In addition, under California case law (including Stanson v. Mott[4], the seminal California Supreme Court case on this topic), state agencies may not use their resources to campaign for or against measures that have qualified for the ballot.  While state agencies may engage in legitimate informational activities (as distinguished from unlawful campaign activities), there is no bright-line distinction between the two.  Merely avoiding express advocacy, while important, is not sufficient; courts will look at the style, tenor and timing of a particular communication or activity to determine whether it has crossed the line of what is permissible.   In addition to case law, there is also a state statute restricting the use of state resources for campaign activity not authorized by law.[5] 

Permissible Non-Partisan Election-Related Activities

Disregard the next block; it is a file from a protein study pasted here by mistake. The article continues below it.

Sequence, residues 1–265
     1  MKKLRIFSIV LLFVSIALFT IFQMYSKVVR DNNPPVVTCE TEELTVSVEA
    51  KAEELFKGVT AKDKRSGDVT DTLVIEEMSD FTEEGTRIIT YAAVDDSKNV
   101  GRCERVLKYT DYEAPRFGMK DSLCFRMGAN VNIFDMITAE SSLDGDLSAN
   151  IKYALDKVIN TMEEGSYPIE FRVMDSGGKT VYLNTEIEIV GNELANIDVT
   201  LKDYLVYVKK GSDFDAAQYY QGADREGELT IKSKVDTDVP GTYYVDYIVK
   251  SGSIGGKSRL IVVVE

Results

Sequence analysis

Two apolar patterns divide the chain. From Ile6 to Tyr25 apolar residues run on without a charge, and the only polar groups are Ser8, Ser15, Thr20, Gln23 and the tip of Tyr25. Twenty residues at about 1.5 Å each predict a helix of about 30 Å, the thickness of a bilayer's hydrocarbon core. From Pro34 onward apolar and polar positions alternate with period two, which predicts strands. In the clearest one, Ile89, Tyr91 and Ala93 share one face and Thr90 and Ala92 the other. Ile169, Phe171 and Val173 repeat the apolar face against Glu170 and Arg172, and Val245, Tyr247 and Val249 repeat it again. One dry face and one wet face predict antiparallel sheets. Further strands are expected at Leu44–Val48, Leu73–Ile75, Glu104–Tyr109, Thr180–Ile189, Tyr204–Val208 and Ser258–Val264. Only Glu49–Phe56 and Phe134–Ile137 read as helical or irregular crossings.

While the University (and University employees acting in their official capacities or with University resources) may not campaign for or against political candidates or ballot initiatives that have qualified for the ballot, the University is permitted to engage in certain kinds of non-partisan, educational activities that are related to elections.  For example, the University may host or support voter registration drives that are conducted in a non-partisan manner.  The University may also host or, in some cases sponsor, candidate forums so long as such forums are organized and conducted according to specific rules that ensure they are non-partisan, including that all legally qualified candidates are invited and those participating are given equal opportunity to participate in such forums. These activities run the risk of crossing over into prohibited political activity depending on how the specific activities are operated. The Internal Revenue Service bases its assessment on the facts and circumstances of the individual case.  In addition, because educational activities and each campus may have its own policies and guidelines about use of campus facilities, it is important to check with relevant campus officials regarding rules that may apply to a particular proposed event.